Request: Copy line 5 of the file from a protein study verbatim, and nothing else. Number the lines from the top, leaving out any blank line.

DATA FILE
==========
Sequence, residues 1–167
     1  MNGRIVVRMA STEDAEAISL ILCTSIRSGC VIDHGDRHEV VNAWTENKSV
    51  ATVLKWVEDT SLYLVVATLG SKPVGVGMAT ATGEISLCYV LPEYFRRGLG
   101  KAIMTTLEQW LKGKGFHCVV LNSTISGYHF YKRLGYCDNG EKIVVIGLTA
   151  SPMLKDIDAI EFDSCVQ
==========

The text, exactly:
   151  SPMLKDIDAI EFDSCVQ